Friday, June 30, 2023

Good Night Sweet Blog


Mary Connealy

Good night sweet blog. Parting is such sweet sorrow.

Yes, Seekerville is closing up. I hate it and I'm ready. This blog has meant so much to me. This outlet as a professional writer. This attempt we've all made to help others and express ourselves. There were so many people who helped me learn how to write. And when a group of authors and friends formed an email loop and were just having a ridiculous amount of fun, we decided maybe we had something to share with other aspiring authors.

Seekerville was born. 

Giving it up feels wrong because it's been a home online for me for a long, long time. But it also feels right. The effort to find some new way to talk about the lessons of writing are hard. And I feel like I fail at it more often than I succeed. Or I repeat myself.

So I accept that we're putting our blog to bed for the last time today. Good night sweet blog.

And thank you to my Seeker sisters and to all the readers who've met with us along the way. Today we've got a few more good-bye posts from Seekers present and past. 

Ruth Logan Herne

Seekerville was never just a blog.

It was a give-back from fifteen authors who prayed one another into royalty-paying publication.

In a time when self-publishing was raising its head and viability, these authors created a sisterhood of faith, hope and love… and met their goal! All fifteen authors were published and in the middle of that, when only a handful had gotten “the call” we decided to start a blog to help other aspiring authors. We believed in giving, helping, leading and encouraging.

We were and are blessed!  It has given me countless friends and delightful readers and I will be forever grateful for both!


Erica Vetsch

What Seekerville has meant to me…

Where do I start? We’re supposed to submit a paragraph, and I feel I could write a Julie Lessman-long post and not quite scratch the surface. When Seekerville started, I was a fledgling writer, absorbing everything I could about writing, the writer’s life, and books. I read every day, I commented so much, the original Seekers must have thought I was stalking them, and I learned so, so much. I loved that the Seekers spoke of more than just their own books, but brought in guest posters, too. One of those guest posts changed the way I write. (The Plot Board) I loved the sense of sisterhood, of support, and cheerleading the Seeker-Community provided. When Mary Connealy asked if I would like to join as a Seeker a few years ago, I was all over that opportunity. Though I knew every Seeker and had met them in person, I didn’t realize how our relationships would grow. We’ve shared the ups, the downs, the way downs, the way ups, and the way sideways bits of life, not just those concerned with writing, but with life. They have become a sisterhood, and I don’t say that lightly. I will miss the posts and the community of Seekerville, because it was something quite special. I’m glad the archives will be available for me to refer to when I need to learn or relearn something about the writing life…or just reminisce about some really good times.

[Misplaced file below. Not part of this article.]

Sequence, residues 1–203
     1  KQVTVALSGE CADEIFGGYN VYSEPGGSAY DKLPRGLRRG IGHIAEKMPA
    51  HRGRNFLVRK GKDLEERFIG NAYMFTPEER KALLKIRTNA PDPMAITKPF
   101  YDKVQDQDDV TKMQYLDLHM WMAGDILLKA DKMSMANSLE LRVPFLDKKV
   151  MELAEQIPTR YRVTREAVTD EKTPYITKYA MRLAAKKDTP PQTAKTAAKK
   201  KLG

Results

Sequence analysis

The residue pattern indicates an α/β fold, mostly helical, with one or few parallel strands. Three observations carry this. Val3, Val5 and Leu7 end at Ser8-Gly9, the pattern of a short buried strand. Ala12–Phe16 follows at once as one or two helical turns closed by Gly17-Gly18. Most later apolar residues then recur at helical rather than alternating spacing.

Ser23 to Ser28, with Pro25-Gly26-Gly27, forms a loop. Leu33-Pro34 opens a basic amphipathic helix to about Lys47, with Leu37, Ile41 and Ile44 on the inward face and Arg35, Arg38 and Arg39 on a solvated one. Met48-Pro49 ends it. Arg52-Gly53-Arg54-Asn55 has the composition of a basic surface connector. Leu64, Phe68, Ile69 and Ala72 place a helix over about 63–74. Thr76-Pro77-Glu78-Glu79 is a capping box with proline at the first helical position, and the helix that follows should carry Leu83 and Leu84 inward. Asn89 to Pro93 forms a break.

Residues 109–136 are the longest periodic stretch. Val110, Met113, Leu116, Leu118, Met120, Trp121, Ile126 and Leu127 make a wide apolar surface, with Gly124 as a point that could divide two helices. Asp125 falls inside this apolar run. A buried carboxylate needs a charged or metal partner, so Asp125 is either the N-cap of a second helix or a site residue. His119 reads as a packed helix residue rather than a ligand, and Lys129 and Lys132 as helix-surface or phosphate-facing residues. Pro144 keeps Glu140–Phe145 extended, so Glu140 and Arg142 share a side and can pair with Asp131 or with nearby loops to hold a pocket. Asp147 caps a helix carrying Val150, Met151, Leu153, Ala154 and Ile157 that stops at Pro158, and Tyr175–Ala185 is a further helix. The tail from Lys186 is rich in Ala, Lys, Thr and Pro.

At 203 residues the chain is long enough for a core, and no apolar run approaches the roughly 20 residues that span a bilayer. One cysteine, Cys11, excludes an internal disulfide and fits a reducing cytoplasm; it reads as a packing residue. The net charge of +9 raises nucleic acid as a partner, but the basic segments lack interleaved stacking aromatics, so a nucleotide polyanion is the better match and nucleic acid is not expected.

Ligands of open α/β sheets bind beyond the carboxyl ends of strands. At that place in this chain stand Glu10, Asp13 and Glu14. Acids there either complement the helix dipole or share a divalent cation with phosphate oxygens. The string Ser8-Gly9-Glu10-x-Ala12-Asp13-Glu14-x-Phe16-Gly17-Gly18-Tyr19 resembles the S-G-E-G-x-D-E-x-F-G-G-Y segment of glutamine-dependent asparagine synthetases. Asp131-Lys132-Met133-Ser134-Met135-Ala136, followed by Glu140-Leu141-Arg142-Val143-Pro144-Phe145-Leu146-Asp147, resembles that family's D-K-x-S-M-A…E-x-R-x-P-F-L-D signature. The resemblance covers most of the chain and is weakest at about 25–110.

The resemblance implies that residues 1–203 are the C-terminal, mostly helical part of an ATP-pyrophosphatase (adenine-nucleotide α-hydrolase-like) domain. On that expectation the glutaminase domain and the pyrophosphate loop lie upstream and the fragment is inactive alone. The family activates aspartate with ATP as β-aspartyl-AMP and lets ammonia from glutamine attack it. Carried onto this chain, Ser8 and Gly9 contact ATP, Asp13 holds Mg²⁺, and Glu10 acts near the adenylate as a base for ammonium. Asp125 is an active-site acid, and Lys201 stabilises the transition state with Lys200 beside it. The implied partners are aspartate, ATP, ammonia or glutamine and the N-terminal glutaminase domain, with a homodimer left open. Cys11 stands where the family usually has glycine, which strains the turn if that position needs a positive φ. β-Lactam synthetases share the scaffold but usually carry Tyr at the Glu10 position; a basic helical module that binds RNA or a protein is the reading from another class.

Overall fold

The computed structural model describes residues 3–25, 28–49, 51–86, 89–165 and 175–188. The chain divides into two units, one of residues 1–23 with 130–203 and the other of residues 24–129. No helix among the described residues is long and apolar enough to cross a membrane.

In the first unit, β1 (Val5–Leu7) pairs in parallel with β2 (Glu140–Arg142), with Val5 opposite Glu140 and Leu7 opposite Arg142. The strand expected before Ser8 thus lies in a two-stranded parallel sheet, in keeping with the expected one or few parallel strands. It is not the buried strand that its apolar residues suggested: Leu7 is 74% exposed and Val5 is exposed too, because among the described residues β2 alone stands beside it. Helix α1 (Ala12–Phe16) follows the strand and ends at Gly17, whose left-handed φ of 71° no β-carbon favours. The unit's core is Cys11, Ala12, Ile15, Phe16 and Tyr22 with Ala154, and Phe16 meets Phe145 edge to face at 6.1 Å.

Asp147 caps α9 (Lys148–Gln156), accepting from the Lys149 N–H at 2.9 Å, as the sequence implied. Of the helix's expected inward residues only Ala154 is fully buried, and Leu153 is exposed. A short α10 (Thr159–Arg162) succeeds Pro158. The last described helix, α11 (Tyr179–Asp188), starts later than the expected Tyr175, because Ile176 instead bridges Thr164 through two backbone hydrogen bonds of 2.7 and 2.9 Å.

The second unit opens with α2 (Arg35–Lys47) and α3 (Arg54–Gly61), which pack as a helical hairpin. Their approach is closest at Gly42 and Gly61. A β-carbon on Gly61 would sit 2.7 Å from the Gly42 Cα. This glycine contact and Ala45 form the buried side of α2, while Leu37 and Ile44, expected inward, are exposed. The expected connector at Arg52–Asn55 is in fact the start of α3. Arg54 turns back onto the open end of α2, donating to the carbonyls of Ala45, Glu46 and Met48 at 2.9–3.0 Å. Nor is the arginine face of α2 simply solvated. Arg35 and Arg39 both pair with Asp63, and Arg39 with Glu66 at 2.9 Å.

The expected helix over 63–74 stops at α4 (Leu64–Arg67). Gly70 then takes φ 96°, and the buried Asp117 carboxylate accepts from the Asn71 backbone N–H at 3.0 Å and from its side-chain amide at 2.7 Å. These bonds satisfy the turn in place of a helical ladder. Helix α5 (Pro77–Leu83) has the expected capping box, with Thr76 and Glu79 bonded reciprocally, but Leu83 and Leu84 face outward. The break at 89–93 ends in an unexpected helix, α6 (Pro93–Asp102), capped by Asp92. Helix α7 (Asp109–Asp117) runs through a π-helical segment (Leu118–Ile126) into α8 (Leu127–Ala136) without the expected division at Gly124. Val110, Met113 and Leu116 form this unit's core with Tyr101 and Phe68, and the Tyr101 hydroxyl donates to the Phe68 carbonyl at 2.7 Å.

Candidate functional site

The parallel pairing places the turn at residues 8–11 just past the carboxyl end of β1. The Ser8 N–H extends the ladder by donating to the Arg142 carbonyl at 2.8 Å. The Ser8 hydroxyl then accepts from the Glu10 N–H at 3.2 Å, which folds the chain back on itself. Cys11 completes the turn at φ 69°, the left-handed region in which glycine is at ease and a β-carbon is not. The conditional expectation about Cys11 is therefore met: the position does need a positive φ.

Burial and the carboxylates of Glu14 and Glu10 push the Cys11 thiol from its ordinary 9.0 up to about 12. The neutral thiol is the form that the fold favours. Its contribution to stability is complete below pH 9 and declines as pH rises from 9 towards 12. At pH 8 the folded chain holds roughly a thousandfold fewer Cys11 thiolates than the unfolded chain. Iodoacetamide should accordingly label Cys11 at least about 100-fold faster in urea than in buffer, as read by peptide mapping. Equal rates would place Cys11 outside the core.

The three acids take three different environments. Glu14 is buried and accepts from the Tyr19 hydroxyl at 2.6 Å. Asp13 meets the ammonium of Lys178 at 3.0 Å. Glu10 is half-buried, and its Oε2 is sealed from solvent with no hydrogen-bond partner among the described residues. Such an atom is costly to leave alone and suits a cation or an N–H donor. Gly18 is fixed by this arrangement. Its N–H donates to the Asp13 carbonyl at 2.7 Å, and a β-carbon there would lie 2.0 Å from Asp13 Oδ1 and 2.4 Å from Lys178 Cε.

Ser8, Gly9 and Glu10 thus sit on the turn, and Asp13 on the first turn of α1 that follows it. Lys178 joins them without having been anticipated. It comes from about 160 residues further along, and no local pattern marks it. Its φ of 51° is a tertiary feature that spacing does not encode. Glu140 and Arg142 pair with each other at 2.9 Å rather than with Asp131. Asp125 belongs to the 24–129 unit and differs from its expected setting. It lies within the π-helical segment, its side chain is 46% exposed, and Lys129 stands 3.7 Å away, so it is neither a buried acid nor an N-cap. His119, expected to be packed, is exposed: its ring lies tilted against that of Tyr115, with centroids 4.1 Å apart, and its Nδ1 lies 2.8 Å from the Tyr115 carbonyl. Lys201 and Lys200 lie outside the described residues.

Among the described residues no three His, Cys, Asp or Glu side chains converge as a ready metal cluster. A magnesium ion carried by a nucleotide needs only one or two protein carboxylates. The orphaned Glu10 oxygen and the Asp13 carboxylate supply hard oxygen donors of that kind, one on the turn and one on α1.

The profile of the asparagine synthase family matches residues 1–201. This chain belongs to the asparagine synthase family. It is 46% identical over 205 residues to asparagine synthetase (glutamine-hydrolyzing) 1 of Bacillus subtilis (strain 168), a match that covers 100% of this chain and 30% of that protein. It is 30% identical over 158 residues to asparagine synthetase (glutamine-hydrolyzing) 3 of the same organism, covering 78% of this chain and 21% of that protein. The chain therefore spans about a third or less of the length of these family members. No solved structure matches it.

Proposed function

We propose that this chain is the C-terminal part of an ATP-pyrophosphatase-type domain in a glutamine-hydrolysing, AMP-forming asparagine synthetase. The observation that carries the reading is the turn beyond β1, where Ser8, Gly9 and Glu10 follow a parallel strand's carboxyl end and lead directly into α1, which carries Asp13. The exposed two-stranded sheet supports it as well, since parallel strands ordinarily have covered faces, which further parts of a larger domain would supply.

Missy Tippens
The Seekerville blog has been a huge part of my life for almost two decades. I met many writer friends online through the blog and at conferences when we would gather and experience the joy of meeting in person. Thank you to all who helped form this wonderful, supportive community. Thank you for contributing to the knowledge we shared and fun we had here. You’ve all been a big blessing in my life! I’m so thankful God brought us together through the years.—Much love,

Debby Giusti

So many memories…

As we know, all good things must end, even Seekerville, although it is with a heavy heart that I bid farewell. Your kindness and encouragement have touched me deeply, and I’m so grateful. The memories of the love and laughter we shared will never fade and will be special treasures that will warm my spirit in the years ahead.  Know that you are ever in my heart and in my prayers. 


I love you all!

Debby Giusti

Janet Dean